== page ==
Gnima Diop, Marketing Manager at Maersk Line, emphasized the need to recognize that encouraging digital literacy is crucial, especially when between 50-60% of the informal economy in Africa is female. As mobile internet access and use continues to increase on the Continent, Gnima Diop underlined the need to ensure access to information for all. Smartphone ownership and locally relevant applications can be a key to women’s empowerment, shattering their isolation and unleashing their powers. But enabling them to make mobile apps themselves can give them an even bigger push as it enriches their skillset, creates job opportunities and gives them a platform in emerging digital economies. Mobile Technology could help lift 5.3 million women out of illiteracy by 2020.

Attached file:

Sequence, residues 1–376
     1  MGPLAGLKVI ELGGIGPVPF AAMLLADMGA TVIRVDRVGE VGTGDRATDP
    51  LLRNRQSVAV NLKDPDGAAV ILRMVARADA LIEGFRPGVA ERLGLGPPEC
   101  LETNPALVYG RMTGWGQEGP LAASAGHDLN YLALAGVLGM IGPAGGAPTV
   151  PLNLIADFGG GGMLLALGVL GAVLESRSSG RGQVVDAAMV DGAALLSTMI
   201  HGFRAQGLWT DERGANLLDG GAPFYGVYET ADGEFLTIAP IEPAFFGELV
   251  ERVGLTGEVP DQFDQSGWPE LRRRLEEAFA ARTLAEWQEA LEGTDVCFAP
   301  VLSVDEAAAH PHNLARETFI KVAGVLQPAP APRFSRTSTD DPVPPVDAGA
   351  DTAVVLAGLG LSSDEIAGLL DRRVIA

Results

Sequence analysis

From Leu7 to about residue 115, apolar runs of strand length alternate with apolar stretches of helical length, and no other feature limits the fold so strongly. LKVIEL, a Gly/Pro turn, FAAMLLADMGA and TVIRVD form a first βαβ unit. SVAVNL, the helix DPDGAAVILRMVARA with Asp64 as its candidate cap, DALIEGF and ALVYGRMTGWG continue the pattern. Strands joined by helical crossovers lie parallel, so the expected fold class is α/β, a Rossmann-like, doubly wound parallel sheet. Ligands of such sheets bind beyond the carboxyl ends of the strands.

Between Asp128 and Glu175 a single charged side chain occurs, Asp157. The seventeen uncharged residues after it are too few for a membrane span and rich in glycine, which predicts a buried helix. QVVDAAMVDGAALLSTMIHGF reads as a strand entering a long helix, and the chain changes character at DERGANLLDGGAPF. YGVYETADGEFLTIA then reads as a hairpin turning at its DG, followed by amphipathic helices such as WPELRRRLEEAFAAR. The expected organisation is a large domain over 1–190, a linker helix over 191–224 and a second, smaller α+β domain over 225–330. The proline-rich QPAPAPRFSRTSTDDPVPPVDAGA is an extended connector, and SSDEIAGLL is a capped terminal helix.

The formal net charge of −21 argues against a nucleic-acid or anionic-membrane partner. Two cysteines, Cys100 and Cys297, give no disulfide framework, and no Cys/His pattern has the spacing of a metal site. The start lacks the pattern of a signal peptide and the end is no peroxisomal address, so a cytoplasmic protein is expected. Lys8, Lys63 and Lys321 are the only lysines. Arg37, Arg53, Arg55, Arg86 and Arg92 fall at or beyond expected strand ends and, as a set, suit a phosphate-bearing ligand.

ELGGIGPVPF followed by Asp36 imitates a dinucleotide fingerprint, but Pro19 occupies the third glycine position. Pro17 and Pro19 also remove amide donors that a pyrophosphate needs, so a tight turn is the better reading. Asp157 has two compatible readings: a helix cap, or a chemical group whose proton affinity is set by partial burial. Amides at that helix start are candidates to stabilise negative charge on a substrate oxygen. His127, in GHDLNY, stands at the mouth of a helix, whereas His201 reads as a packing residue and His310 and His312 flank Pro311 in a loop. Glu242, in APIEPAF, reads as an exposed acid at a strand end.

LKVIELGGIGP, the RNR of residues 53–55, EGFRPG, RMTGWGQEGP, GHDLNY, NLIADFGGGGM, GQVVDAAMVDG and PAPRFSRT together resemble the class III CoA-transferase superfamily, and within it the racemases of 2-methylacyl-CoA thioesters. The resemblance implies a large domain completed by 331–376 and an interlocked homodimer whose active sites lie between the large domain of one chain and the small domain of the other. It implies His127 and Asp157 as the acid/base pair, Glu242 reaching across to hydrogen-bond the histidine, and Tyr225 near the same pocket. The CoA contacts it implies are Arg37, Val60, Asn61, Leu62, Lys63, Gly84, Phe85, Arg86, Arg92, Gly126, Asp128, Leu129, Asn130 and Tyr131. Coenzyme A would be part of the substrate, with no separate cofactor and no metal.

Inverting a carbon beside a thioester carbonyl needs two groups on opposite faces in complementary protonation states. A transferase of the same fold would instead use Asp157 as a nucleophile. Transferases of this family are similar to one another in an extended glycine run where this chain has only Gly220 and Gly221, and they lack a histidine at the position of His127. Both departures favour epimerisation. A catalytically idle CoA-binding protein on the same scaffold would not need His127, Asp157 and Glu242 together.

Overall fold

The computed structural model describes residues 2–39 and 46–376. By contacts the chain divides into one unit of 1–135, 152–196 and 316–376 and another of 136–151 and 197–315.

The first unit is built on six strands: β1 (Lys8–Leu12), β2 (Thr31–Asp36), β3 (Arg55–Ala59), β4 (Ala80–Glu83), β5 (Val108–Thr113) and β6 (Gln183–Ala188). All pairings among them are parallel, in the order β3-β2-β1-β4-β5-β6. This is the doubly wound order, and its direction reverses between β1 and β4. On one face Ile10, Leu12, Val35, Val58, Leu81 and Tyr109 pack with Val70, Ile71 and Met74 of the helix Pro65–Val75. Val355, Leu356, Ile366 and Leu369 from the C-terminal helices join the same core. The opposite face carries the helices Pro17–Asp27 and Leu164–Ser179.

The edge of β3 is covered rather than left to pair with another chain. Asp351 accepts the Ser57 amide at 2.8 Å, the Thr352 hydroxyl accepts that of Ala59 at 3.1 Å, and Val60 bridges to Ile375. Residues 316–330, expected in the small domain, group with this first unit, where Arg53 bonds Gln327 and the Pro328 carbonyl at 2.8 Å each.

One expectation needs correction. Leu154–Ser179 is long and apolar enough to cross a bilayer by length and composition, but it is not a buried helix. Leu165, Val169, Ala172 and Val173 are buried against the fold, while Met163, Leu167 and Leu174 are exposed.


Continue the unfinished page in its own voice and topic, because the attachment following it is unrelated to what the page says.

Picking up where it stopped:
“The Senegalese woman is a natural entrepreneur,” said Rokhaya Solange Mbengue Ndir, Head of Corporate Social Responsibility at Orange-Sonatel. In the framework of her work, and through initiatives such as Mwoman, hackathons, coding camps, and prizes for women’s digital entrepreneurship, Sonatel centralizes the importance of making digital literacy education available to women of all ages. A continuing impediment to this goal, she underlined, is women’s lack of self-confidence. Committed to changing stereotypes and prejudices, including educational choices available to young women and a prevalent idea that women are not “made” for technology, Rokhaya Solange Mbengue Ndir underlined the Sonatel’s corporate strategy in line with the UN’s HeforShe campaign, and emphasized the need to involve Governments, policymakers, and decisionmakers in the discussion to ensure institutional support at the highest level for gender equality in the ICT Sector.